Module Information

Module Identifier
IR11820
Module Title
The Celts: A Contested Legacy
Academic Year
2017/2018
Co-ordinator
Semester
Semester 2 (Taught over 2 semesters)
Mutually Exclusive
Reading List
Other Staff

Course Delivery

Delivery Type Delivery length / details
Seminar 1 x 1 Hour Seminar
Lecture 9 x 1 Hour Lectures
 

Assessment

Assessment Type Assessment length / details Proportion
Semester Assessment 2,000 word essay  40%
Semester Assessment 10 minute presentation  10%
Semester Exam 2 Hours   2 hour exam  50%
Supplementary Assessment 2,000 word essay  40%
Supplementary Assessment 10 minute presentation  10%
Supplementary Exam 2 Hours   2 hour exam 

Learning Outcomes

On successful completion of this module students should be able to:

distinguish between the ways in which the term ‘Celtic’ is used in a number of disciplines including linguistics, archaeology and history

recognize the chronological evolution of the term ‘Celtic’ since its first occurence in Classical sources

recognize the main concepts surrounding the people known as the Celts, and be able to evaluate the evidence associated with them critically

discuss a number of theoretical viewpoints such as structuralism and post-colonialism as they relate to the concept of Celtic culture

Brief description

This module analyses and challenges concepts about the Celts and their relevance to the modern world, giving the students an intellectual framework in which they may pursue a number of issues relating to Celtic Studies. Her we shall analyse the term ‘Celt’, and ask ‘Who were the ancient Celts?’ What types of evidence can we use to answer this, and what are the pitfalls? Are the Irish and Welsh ‘Celts’? How did modern ideas about the Celts develop, and how have they been (ab)used? In particular, the issue of ‘Celtic continuity’ will be addressed. We shall examine descriptions of Celtic-speakers across the centuries. We shall also discuss pagan Celtic religion and so-called ‘Celtic’ institutions such as druids and bards.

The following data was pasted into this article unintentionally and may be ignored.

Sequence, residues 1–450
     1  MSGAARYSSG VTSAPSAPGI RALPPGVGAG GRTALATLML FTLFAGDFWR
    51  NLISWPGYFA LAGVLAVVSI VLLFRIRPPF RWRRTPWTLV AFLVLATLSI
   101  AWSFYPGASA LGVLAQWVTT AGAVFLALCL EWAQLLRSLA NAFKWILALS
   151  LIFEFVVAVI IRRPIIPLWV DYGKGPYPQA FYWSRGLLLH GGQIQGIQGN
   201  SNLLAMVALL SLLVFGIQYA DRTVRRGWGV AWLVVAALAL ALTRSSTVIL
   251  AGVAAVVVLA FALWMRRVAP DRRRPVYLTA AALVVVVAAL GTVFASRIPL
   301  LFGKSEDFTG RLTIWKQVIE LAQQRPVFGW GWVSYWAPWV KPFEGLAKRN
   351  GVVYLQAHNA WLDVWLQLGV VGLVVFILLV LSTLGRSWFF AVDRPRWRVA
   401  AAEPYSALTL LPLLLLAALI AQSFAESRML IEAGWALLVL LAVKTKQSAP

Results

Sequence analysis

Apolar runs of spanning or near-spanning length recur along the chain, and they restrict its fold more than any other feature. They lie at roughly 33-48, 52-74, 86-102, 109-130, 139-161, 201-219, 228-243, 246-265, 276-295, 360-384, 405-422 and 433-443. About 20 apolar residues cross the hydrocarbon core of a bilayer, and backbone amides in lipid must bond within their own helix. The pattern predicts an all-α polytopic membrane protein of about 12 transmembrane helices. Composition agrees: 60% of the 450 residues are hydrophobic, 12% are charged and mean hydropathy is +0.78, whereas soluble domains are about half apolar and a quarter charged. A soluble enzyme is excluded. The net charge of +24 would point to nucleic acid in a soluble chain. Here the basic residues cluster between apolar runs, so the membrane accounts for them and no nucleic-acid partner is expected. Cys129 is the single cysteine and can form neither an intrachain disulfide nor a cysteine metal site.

Content

• The Celtic languages I: Introduction
• The Celtic languages II: Where and when were they spoken?
• Questioning Celticity, and ‘Celtoscepticism’
• Problems of Celticity: the evidence of language, archaeology, history and genetics
• Britons, Irish and Celts
• Rediscovering the relationship between the Celtic languages
• ‘Creating’ Celticity I: the legacy of the Classical authors
• ‘Creating’ Celticity II: Romanticism
• The Ancient Celts in their own words
• The Britons and the Irish in their own words
• Celtic continuity I: theoretical framework
• Celtic continuity II: case studies
• Celtic institutions I: Pagan Celtic religion
• Celtic institutions II: druids
• Celtic institutions III: bards
• Summary and revision

Module Skills

Skills Type Skills details
Application of Number Not relevant
Communication Written: clear articulation of ideas and analysis in written assignments. Verbal: class contribution, presentation and interaction.
Improving own Learning and Performance By independent research; tutor feedback on written work and oral contribution in class; interaction of peers during seminar; developing time/work management skills; reflecting upon presentational skills and other written work.
Information Technology For research purposes (assignments and presentations); word-processing. Using electronic research and bibliographic resources; accessing Blackboard for course materials.
Personal Development and Career planning Not relevant
Problem solving By critical engagement (verbal and written) with intellectual concepts.
Research skills Through independent research for written assessment, presentation and oral contribution in class. Using electronic research and bibliographical resources
Subject Specific Skills Getting to grips with concepts relating to Celticity
Team work Working in groups to prepare presentations

Notes

This module is at CQFW Level 4